• Kaitlyn Landaverde, APA

Fast Fashion & Better Alternatives

What is Fast Fashion?

Fast fashion describes the clothing industry’s business model of replicating and mass producing fashion week and catwalk trends, quickly moving them from magazine covers to stores. This model allows retailers to constantly update their collections, selling mainstream clothing that is considered trendy while still pricing that clothing affordably.

The Negative Side of Fast Fashion

Besides the price tag, there are not many upsides to it. Once fast fashions hit stores, they become mainstream, making display windows in the mall feel copied and pasted. Fast fashion has also detrimentally damaged the earth due to its use of synthetic fibers. The use of oil to make fabrics, such as nylon, rayon, spandex, leaves an immense carbon footprint when compared to making clothing from simpler fabrics such as cotton. Not to mention that synthetic fabrics tend to be of poorer quality, in turn, sending you back to the mall for a new wardrobe, and leaving a dent in your wallet and in landfills. Even washing these fabrics is destructive to our oceans. Your Forever21 crop top releases plastic microfibers into the water, which ends up in oceans. This can damage coral reefs, which subsequently affects the rest of the food chain under the sea. When your Garage leggings rip, where do they end up? The majority of fast fashion clothing ends up taking space in landfills.



Have you ever wondered where your clothing is made? Typically, in third world countries, since there aren’t any restrictions on wages or slave labor. Fast fashion is unethical, as most of its “employees” are young children and women being forced to work in poor conditions with minimal or no pay. These poor conditions are recognized as “sweatshops,” factories where “employees” labor for long hours without rest in poor conditions.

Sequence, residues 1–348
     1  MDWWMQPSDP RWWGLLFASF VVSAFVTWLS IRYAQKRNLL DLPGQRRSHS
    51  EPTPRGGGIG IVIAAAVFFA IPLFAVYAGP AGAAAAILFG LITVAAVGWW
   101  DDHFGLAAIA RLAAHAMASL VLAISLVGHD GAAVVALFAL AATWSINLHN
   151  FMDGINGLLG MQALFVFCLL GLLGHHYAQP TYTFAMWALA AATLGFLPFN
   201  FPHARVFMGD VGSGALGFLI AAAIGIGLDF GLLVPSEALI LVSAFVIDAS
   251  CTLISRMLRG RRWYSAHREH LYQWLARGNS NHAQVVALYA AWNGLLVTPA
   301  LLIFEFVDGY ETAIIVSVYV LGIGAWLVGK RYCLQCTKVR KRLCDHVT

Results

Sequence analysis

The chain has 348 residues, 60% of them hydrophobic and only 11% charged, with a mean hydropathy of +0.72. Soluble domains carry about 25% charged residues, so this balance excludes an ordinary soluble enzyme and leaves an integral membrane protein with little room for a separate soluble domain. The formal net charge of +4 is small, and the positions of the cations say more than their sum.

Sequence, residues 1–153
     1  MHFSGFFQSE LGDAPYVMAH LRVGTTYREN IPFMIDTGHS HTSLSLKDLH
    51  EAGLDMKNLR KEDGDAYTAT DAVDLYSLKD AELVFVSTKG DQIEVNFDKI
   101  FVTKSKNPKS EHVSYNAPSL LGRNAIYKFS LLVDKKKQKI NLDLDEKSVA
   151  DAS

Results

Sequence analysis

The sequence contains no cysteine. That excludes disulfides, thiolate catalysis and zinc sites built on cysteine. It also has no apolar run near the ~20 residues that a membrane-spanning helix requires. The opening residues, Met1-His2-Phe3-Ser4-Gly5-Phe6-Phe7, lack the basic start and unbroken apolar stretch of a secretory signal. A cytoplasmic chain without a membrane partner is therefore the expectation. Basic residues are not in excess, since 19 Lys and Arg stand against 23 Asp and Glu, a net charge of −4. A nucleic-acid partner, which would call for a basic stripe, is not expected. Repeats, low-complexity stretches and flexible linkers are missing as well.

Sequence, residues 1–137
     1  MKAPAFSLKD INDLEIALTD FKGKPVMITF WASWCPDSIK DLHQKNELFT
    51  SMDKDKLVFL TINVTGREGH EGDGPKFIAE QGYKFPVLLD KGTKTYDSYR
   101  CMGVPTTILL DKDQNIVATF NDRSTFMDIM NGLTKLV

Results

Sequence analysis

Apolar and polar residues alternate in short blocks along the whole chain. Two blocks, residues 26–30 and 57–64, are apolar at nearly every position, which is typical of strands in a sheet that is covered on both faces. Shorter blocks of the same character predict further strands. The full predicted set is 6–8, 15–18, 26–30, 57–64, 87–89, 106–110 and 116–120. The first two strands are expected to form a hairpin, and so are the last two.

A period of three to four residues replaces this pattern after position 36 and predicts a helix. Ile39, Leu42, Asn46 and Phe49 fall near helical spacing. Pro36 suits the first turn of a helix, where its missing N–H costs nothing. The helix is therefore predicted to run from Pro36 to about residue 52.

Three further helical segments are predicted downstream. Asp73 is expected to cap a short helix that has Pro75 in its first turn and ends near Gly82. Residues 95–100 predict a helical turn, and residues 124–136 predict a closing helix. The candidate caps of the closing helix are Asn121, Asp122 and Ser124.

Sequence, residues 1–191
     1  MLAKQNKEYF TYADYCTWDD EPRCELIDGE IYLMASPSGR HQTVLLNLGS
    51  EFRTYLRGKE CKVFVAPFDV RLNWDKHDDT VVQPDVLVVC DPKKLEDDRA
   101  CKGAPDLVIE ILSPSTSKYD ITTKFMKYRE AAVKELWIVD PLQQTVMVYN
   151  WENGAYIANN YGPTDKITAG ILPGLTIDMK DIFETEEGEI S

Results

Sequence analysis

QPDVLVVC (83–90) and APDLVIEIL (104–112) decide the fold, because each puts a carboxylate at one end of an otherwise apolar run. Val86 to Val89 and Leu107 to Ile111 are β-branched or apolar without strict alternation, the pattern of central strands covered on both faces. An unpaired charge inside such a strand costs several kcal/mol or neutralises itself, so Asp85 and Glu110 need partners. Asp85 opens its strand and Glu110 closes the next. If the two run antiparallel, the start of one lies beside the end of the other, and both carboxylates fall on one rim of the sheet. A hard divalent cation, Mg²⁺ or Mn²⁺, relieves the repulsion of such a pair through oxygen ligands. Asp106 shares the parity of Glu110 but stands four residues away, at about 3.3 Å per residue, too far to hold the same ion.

Alternatives

While you may be looking in your wardrobe and wondering why no one has ever told you about the detriments of your style choices, do not fret. There are many different alternatives. Thrift shopping has become more popular recently, and all for good reasons. Thrift shopping allows you, the customer, to give a unique piece a second life. There are so many online thrift stores, and even Instagram accounts. Thrifting is cost-efficient and decreases your carbon footprint immensely. Donating clothes to the less fortunate or to thrift stores clears your wardrobe without filling landfills. Looking for a way to make money? Selling your clothes helps reduce your carbon footprint and adds to your wallet. There are many sustainable clothing stores. What's more to love than supporting small businesses sustainably, and adding to your wardrobe. Can’t get much better than that!


Online Thrift Stores (buy and sell):

  • ThredUp

  • DePop

  • Primark

  • Mercari

  • Poshmark

Instagram Thrift Stores:

@wf.thrift

@lulubylex

@troyathrifts

The fight against fast fashion starts now. Take initiative, thrift, buy and sell clothes, and most of all, avoid fast fashion stores. It may seem like a ton to bear at first, but taking the small steps now, can do a lot for our world.


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